We may be ignorant of it; that is, it may be unrevealed to us; but it exists not the less, is the same, just as much the truth before as after we become acquainted with it. The time when, or the individual by whom it is made known do not affect it. The age in which it is first revealed can add nothing to its truthfulness, and the individual who first declares it can add nothing to its legitimate authority. The truth of Christianity can, then, in no way, be made to depend on the time when or the individual by whom it was first taught. Say it was taught thousands of years before Jesus, by nobody knows whom. What then?

What then? If true, it is not the less true on that account. If it be not true, the fact, that it was taught about eighteen hundred years ago by Jesus of Nazareth, cannot make it true. In order to determine whether it be true or not, it is needless to inquire when or by whom it was first taught. The teacher does not make the truth; he but teaches that which is as true without him as with him. Grant then to the unbeliever, that all the doctrines of the New Testament were known to the world long before the age of Jesus, you grant him nothing to the detriment of Christianity.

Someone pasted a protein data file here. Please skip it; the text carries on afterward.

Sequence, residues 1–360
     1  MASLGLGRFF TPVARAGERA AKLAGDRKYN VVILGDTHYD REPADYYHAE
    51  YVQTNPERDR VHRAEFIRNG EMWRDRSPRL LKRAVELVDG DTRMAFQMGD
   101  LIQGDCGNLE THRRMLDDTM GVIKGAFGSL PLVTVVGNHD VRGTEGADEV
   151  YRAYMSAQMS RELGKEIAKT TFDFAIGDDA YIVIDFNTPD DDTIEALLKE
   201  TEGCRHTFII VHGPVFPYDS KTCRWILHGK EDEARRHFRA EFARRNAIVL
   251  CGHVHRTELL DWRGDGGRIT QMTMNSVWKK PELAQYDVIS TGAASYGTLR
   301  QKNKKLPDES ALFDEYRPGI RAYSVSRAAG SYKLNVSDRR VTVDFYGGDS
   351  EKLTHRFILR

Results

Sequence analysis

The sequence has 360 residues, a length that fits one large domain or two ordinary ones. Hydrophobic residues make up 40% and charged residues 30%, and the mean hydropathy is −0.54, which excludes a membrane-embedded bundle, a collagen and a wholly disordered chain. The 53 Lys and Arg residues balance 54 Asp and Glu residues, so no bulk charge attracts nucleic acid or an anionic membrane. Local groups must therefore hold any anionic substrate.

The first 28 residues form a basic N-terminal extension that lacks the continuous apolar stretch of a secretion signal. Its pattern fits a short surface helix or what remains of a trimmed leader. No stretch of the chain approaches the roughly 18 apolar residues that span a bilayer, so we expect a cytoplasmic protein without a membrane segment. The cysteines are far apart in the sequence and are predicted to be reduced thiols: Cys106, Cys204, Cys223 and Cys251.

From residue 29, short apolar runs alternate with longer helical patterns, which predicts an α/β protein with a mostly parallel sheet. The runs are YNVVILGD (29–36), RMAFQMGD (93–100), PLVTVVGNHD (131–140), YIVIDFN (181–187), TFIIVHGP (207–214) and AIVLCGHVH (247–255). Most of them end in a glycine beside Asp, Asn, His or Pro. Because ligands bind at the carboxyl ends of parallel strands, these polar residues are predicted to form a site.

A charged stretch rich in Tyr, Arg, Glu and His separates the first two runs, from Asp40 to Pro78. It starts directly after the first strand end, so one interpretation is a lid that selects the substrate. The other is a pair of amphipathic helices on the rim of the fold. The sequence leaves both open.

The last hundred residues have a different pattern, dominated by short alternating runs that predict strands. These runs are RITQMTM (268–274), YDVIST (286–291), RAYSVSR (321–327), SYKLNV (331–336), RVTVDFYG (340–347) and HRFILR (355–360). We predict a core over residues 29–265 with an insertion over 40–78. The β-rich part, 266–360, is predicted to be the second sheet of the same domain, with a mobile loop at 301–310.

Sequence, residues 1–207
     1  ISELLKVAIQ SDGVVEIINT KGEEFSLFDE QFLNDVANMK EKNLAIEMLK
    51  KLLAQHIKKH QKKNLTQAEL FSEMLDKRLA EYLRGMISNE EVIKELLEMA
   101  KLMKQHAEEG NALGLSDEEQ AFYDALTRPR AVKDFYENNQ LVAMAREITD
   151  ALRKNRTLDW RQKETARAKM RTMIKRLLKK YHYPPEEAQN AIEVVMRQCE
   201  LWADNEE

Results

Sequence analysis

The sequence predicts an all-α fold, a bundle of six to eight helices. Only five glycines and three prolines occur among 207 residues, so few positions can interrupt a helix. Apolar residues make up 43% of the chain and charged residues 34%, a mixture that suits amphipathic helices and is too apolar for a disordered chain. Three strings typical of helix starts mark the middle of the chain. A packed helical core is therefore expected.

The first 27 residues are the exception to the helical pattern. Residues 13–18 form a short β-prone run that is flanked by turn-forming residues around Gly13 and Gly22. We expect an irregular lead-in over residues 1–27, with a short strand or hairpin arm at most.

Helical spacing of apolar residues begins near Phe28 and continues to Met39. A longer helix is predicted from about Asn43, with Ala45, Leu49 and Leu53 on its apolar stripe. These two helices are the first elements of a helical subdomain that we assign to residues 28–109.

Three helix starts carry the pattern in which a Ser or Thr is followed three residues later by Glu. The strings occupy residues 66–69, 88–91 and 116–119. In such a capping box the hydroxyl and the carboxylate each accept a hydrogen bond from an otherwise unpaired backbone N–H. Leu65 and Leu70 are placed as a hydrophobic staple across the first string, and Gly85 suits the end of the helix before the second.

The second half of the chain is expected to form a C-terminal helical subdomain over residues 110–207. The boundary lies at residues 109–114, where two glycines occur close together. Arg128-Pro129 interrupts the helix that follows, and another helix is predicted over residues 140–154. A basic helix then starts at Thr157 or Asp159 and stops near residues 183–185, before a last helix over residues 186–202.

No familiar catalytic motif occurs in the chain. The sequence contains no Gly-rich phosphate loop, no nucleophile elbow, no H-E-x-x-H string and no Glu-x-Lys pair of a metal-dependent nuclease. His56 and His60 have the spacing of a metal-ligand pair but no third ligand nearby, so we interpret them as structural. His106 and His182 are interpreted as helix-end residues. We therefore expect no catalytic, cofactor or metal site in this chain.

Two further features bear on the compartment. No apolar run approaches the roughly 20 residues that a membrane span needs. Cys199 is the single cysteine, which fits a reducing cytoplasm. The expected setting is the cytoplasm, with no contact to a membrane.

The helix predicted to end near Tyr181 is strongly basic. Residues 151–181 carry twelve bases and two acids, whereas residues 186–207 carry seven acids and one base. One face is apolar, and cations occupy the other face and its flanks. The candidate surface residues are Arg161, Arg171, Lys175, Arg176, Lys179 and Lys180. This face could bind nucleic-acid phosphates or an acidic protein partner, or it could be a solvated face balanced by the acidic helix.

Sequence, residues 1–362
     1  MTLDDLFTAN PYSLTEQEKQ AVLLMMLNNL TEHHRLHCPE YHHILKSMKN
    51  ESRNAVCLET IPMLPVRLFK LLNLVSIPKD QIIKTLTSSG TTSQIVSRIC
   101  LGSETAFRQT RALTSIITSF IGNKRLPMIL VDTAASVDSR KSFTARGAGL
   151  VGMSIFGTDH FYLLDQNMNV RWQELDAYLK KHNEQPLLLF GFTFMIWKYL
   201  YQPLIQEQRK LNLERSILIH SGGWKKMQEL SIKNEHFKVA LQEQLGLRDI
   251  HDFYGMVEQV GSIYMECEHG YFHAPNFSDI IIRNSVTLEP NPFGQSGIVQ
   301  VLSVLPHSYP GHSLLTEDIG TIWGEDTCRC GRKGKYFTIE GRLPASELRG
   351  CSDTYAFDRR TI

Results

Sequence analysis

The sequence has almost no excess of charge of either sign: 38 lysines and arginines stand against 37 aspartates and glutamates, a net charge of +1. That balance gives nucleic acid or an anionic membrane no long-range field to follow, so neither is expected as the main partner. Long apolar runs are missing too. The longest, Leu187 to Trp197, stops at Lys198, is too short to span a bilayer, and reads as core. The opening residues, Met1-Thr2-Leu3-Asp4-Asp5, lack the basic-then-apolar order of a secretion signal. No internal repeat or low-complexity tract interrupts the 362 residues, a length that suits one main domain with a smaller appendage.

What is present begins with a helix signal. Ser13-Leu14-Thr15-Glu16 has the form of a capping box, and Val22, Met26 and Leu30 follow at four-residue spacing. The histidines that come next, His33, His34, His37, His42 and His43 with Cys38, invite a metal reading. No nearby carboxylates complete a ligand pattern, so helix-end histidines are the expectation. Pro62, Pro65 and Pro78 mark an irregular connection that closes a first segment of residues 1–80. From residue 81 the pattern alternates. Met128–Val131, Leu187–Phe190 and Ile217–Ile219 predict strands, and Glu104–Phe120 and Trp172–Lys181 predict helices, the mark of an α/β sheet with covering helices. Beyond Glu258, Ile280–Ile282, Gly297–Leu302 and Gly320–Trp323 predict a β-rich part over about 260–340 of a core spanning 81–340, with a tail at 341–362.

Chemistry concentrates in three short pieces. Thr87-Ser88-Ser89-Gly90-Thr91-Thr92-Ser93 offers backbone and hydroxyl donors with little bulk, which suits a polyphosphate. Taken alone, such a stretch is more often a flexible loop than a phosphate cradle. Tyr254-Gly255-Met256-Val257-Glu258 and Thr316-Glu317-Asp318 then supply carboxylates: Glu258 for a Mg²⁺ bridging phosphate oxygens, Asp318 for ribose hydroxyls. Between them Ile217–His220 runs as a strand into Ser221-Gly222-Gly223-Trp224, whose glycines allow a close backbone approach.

But in point of fact, the New Testament writers, and even the early fathers do not profess to regard Christianity as an original revelation with Jesus. Several of the early fathers stated expressly in their Apologies for Christianity, that it was no new religion; that they did not consider themselves as teaching any new faith or philosophy, but merely that which had been embraced by the sages, patriarchs, and philosophers of old. Paul, in his Epistle to the Galatians, assures us that he was teaching no new religion; “for the scriptures, foreseeing that God would justify the heathen through faith, preached before the Gospel unto Abraham.” And he contends earnestly that they who believe are justified with “faithful Abraham;" that is, as I interpret it, on the same ground, by the same faith or religion as that on or by which Abraham was justified. Jesus himself says to the Jews, “ Abraham rejoiced to see my day; and he saw it and was glad.” The Jews say unto him, “ Thou art not yet fifty years old; and hast thou seen Abraham ?“Before Abraham was, I am,” was his reply. The New Testament writers all teach us, so far as they teach us any thing on this point, that the “ Lamb of God which taketh away sin,” was “the Lamb slain from the foundations of the world.” Indeed, had they not regarded the dextrises they rere tendig a katag to pretica*'; targti, ka e-tee, vi the least 3607* of propriety, bare bade the use et cof Pret:42 writings? Whenever they prezca or address themselves to the Jews, ites apceal to Jewish wntinzs, and undertake to prove from tbez żat what they were preaching was not only in tarmoar with, but actually contained in “ the law and the prophets." Paul, when he preaches to the Gentiles, quotes or refers to Gentile writings, apparently for the purpose of proving to them that he was but teaching what had already been taught by their own poets, wise men, and philosophers. Whence the propriety of this, if they were the teachers of a new, original, and peculiar revelation?